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Anthony Sweet: Following dreams and inspiring others

Keira Ellenberger
Anthony Sweet running at the Mel Brodt Collegiate Open

Growing up, running was destined to be a part of Anthony Sweet’s life story. 

“I was kind of born into it…my grandma was a marathoner ever since the ‘70s, so she kind of passed it down, and it eventually got passed down to me, so I started running when I was 5 and never really looked back,” said Sweet.

And even from such a young age, Sweet’s competitive spirit was always there. 

“I figured it out pretty quickly…ever since a young age I’ve been pretty competitive…it kind of did come naturally, and I’ve taken it with me ever since,” said Sweet.

Despite figuring things out early, the road to Bowling Green was anything but ordinary. 

“My freshman year I started off at Kent State,” said Sweet. “Going into the summer, I talked to one of their coaches and he gave me the idea I’d have the opportunity to walk on. He said to train, and run a few races unattached. I ended up talking to a new coach they brought in, but it was the same thing. He wouldn’t give me the opportunity to try out.” 

Once the COVID-19 pandemic hit, Sweet decided he still had the strong desire to run. 

“I used it as a bigger opportunity to get in shape [and] push my fitness. I put my name in the transfer portal…Western Kentucky ended up being my favorite after talking to the coaches,” said Sweet. 

Western Kentucky seemed like a fit. There was mutual interest between Sweet and the coaches, and the summer training went well. Sweet even had family who lived only 30 minutes from the university.

Even so, it still wasn’t smooth sailing once he arrived. 

“After I decided to transfer there, I started on their summer training plan immediately” said Sweet. “I trained great all summer, got there, and it wasn’t the best experience. I loved the school, loved my teammates…[but] it just wasn’t the right situation for me specifically. After my sophomore year, I decided to transfer out.” 

Sweet had another year of running under his belt, but his desire to compete in the right environment was as strong as ever. He ended up at Ohio State next, once again looking to walk on. 

“They also gave me the idea I’d have the opportunity to walk-on there. Same thing, nailed summer training, then August came…[and I] ran times as fast as their guys, yet they still wouldn’t add me.”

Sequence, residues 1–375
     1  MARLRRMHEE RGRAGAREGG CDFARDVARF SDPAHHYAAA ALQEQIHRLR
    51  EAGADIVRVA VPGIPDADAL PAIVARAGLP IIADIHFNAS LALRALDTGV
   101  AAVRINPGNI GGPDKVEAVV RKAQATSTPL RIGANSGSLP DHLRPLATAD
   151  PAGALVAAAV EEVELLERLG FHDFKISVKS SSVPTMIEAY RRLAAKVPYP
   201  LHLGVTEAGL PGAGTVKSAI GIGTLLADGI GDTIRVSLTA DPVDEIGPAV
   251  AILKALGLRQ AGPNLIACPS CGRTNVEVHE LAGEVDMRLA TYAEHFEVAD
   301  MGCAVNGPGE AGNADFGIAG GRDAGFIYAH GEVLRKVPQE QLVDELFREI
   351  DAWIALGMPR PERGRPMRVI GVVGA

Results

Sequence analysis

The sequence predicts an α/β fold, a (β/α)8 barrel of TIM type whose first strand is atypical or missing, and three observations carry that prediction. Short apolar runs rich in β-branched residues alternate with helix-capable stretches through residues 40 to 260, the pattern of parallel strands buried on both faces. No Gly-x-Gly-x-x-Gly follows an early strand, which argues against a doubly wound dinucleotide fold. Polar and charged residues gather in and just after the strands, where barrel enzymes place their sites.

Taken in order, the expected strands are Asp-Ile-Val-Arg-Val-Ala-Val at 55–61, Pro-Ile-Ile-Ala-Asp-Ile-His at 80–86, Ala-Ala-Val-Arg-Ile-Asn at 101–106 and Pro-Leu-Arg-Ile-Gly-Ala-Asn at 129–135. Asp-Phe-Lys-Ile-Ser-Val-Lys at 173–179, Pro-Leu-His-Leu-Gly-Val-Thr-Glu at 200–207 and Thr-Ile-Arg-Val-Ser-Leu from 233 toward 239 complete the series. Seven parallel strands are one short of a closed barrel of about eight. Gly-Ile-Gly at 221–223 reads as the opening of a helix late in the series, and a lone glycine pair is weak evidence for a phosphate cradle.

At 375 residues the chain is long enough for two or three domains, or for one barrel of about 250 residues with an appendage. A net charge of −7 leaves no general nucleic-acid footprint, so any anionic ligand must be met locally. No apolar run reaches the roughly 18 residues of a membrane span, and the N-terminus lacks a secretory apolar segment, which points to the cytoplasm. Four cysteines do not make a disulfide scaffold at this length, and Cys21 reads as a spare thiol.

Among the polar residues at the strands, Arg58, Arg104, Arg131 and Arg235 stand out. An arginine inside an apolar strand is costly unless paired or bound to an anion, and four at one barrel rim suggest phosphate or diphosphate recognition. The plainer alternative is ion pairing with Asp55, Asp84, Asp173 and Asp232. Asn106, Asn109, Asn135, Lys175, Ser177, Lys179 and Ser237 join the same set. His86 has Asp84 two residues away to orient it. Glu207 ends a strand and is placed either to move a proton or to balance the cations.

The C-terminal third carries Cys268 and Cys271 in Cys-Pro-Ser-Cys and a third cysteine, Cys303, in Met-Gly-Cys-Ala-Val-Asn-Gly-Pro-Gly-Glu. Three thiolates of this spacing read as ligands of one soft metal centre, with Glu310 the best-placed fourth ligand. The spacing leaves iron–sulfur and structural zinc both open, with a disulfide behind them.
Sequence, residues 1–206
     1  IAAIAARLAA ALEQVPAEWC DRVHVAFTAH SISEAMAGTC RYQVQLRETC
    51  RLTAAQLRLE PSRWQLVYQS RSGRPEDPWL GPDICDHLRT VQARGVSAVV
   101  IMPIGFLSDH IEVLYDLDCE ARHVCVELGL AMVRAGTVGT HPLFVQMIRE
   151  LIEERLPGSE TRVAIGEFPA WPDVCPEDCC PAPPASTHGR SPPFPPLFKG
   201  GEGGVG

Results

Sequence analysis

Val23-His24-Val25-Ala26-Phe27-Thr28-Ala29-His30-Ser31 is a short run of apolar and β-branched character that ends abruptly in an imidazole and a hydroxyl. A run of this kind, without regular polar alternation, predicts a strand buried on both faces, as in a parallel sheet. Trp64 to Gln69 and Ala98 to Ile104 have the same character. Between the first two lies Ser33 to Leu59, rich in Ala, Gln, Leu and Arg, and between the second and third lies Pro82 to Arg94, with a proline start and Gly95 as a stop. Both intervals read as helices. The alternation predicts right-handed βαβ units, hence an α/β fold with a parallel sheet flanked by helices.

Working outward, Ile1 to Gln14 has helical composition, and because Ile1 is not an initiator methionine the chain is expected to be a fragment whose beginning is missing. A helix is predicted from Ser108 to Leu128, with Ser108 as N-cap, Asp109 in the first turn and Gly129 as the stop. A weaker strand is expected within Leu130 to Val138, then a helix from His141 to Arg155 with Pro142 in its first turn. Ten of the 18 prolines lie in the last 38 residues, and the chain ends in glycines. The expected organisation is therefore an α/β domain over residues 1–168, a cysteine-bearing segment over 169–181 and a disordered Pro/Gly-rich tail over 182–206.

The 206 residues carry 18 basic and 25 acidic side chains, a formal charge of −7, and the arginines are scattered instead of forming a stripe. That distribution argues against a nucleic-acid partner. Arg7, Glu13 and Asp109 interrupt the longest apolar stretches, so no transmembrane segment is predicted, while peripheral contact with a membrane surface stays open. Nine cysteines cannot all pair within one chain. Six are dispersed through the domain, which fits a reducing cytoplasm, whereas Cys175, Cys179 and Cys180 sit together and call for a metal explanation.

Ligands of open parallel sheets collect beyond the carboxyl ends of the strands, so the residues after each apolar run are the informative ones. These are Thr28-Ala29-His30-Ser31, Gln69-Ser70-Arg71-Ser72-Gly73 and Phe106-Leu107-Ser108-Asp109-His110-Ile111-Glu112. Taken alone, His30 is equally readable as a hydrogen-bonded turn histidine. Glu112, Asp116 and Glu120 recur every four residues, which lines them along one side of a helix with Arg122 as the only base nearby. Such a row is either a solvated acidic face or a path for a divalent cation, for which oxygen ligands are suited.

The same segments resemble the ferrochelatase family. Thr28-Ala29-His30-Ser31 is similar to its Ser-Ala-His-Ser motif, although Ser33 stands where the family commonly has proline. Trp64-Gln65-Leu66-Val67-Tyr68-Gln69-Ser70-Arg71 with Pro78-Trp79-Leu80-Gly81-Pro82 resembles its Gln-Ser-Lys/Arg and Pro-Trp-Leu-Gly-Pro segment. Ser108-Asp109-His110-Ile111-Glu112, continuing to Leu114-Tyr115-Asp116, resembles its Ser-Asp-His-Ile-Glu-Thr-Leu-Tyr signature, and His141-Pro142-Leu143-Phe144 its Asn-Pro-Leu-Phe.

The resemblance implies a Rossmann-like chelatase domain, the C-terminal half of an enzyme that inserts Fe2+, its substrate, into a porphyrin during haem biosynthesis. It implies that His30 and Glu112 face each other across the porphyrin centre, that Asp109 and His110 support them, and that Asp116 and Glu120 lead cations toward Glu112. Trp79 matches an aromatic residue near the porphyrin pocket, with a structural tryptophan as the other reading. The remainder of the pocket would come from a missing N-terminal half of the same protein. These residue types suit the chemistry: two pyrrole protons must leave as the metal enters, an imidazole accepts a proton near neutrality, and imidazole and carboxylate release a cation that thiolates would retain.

Instead, Sweet turned to the Ohio State Running Club, where he set a then-record in the 8K. He tried out for the team again going into the following year, but the story was the same one he’d heard before. 

“That’s when I decided…I had a year and a half of eligibility remaining…so I opened my recruitment in the fall.” 

Once Sweet found BGSU, everything clicked. 

“I had a few official visits, but ultimately ended up here. It’s my favorite school. I love the team, love the facilities, [and] love the coach!” 

And the match is easy to see. In his short time as a Falcon, Sweet has finished second on the team in two of their four races, and first in another with a personal record in the 8K race. 

“It feels natural. I’ve always loved the team environment, and having that now helps me to excel…it’s crucial for me!” 

But Sweet’s impact on the environment goes both ways. 

“In the past few years, obviously we’ve been towards the bottom of the Mid-American Conference, and that’s something that I was brought in to help change,” said Sweet. “[They] wanted me to be a leader to the team and help this program take the next steps.” 

And take it from Head Coach Lou Snelling, he has.

“Obviously he’s not been here very long, but I think that the things you really care about as a coach, he’s filled those areas very well,” said Snelling. “From a leadership standpoint, he’s stepped in and done a really good job taking some of the younger guys under his wing, and that’s been great to see as well. He seems like a great teammate.” 

In spite of all this, the men’s team is still a year removed from a team that finished eighth out of eight teams at the MAC championships. But Sweet knows that his purpose is served towards something bigger than himself. 

“I would take being seventh, or being sixth…Obviously, it’s unrealistic to be thinking you could jump from eighth to first, but tiny improvements year after year are the key to success in my opinion, so that’s really my goal right now and the team goal to take that tiny success and apply it to next year and the coming years to build that atmosphere and culture to benefit future athletes here,” said Sweet.

Sweet’s currently pursuing an MBA, but rest assured- running is never far from his mind. 

“Down the line I would like to use my knowledge I’ve gained over the past years to help other athletes, I think it would be very cool to coach high schoolers as well,” said Sweet. “That’s definitely something I want to do.” 

That characteristic cuts to the core of who Anthony Sweet is- not just a gifted runner or hard worker, but a man committed to the betterment of those around him. 

For more stories related to BGSU Athletics, follow Falcon Media Sports Network on X (@bg_fmsn).

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